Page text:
After many more balls and soirees and shopping trips, Margaret decides she will become a writer. A whole month later, her “Journal of a Novice New Yorker” (which literally begins “Dear Diary”) is published in a magazine. She starts publishing articles about being strong and kind and being yourself and letting her “heart be her compass”. Yes, the title is in the book.
Margaret becomes a strong, independent… Karen
I have spent this whole book being annoyed at how weak and immature our protagonist is. And she finally gets some guts! And is primarily utilizing them to get published by demanding they give her a chance and immediately getting it because she’s a pretty white girl with a nineteen inch waist, and you know, privilege. And girl’s getting published left and right in big papers and magazines. Which gives her enough confidence to berate a waiter who asked that she wait in line at Delmonico’s like everyone else. How dare! Everyone is indignant on her behalf.
I’m going to be honest, I’ve done a fair bit of skimming this book because I hate it and it’s long. But I have still noted three times the descriptor “Titan-haired” was used. Three. The first two were in newspapers describing Margaret’s escapades. But this one was used to describe her in dialogue. Which feels weird. But that brings me to how much I hate the dialogue in this book. It’s a weird mix of historical, flowery language and modern phrases. So many things like “that is so wrong” feel anachronistic (and yes, my brain morphed from a Scottish to a Valley Girl accent when I read that line). Even if this story wasn’t hurting my head, the writing itself would.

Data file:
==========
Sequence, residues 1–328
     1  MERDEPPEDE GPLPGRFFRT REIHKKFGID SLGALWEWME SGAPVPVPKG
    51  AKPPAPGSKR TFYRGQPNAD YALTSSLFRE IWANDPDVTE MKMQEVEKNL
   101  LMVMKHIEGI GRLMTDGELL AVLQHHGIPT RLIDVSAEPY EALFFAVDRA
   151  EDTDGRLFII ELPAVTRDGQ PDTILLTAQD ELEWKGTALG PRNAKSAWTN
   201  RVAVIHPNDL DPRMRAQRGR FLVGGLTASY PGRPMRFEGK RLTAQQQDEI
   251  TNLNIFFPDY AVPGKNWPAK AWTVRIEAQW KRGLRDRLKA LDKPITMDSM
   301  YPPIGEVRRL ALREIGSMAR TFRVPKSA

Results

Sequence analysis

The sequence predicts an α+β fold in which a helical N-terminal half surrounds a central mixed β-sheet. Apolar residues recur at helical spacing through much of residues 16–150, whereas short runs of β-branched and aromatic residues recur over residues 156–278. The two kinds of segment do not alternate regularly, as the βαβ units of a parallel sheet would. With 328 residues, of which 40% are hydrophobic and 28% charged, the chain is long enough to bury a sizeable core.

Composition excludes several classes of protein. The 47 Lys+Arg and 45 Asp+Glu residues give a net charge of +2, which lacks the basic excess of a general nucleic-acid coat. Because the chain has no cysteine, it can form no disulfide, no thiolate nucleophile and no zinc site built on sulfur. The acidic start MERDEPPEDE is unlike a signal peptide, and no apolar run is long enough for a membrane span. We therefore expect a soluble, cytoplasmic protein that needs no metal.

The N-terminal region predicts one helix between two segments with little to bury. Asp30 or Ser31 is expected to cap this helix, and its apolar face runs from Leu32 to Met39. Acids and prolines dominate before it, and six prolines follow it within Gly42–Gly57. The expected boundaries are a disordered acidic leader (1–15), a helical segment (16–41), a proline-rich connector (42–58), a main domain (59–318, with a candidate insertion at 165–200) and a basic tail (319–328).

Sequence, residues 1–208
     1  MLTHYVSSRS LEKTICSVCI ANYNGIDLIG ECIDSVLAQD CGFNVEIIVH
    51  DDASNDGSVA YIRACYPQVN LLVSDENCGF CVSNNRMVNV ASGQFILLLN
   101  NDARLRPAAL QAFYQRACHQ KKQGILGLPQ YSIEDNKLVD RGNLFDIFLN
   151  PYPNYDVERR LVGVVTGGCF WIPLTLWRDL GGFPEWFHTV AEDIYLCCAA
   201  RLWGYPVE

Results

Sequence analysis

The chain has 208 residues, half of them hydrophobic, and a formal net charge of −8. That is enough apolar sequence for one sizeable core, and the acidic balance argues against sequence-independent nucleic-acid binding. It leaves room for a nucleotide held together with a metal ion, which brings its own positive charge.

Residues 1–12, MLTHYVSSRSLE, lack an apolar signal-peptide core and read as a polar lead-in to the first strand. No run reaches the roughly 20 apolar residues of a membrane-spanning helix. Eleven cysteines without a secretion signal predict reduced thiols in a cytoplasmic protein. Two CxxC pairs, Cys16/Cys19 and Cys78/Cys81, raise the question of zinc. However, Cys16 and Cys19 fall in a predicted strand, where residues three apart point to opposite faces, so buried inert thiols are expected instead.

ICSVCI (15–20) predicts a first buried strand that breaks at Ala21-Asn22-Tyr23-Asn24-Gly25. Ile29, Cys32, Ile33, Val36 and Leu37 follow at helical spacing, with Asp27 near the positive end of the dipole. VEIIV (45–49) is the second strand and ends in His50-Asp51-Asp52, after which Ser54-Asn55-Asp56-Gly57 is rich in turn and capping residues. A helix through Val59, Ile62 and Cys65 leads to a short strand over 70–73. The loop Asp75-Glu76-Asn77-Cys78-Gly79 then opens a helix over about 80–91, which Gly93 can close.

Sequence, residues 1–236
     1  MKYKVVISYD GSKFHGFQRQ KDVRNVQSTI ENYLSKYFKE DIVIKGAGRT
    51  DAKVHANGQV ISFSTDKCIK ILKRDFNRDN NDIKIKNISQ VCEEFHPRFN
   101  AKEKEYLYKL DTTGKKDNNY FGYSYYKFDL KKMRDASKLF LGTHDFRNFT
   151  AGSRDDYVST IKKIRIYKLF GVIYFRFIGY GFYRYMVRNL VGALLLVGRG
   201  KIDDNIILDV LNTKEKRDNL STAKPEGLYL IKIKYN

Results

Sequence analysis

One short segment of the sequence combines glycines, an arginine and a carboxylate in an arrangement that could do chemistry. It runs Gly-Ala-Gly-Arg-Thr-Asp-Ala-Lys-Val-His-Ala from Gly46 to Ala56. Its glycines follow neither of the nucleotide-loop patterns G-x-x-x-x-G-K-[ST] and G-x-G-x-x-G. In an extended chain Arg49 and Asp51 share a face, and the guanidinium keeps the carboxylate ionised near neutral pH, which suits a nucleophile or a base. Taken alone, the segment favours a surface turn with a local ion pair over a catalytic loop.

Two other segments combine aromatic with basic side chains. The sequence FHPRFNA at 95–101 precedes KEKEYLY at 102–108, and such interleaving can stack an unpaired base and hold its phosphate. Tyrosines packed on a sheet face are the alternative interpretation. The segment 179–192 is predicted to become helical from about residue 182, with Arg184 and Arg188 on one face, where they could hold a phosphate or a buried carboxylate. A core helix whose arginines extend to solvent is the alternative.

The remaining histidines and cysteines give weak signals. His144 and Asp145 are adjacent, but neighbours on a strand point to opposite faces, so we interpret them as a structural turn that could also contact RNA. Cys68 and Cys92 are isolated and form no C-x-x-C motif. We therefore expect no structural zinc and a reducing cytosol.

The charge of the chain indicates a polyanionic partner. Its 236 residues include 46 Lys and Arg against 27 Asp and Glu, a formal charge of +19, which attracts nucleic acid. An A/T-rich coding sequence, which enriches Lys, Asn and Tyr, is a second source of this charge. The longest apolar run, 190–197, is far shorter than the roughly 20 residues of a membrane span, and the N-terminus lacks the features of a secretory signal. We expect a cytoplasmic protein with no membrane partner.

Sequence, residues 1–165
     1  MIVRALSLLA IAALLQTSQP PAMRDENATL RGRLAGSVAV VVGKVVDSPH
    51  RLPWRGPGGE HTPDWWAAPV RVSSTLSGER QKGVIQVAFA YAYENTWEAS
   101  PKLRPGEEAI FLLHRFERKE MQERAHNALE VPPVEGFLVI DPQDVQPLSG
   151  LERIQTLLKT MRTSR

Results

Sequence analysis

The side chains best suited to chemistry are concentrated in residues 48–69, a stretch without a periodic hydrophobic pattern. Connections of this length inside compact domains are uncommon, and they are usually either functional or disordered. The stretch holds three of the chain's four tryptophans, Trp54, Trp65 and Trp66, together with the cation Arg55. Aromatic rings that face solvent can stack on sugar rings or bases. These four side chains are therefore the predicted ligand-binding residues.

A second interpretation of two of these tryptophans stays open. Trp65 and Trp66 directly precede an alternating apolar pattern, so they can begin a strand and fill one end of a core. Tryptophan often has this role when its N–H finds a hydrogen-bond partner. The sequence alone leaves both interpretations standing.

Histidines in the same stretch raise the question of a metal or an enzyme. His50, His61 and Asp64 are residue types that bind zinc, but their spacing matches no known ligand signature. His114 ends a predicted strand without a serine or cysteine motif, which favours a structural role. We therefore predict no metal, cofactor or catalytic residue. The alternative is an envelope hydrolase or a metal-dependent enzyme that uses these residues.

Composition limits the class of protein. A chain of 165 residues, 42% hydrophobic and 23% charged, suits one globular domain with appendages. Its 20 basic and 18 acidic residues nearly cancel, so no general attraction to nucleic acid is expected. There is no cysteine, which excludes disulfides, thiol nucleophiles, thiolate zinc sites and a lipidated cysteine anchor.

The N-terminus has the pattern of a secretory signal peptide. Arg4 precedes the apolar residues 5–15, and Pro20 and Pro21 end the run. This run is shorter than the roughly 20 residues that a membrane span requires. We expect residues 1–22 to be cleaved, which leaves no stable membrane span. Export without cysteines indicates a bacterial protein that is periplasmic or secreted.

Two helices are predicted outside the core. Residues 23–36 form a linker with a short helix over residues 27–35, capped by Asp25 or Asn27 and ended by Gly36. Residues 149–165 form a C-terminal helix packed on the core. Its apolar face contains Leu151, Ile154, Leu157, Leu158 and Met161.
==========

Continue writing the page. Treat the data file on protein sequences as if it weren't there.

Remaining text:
Oh, and we get yet another love interest. Because New York would be ever so boring without a fling (while thinking of Donald the whole time, of course). But she dumps him because he doesn’t compare to Donald and then proceeds to write a children’s story about a noisy chicken named Cluckalot. Not even kidding.
Finally the end!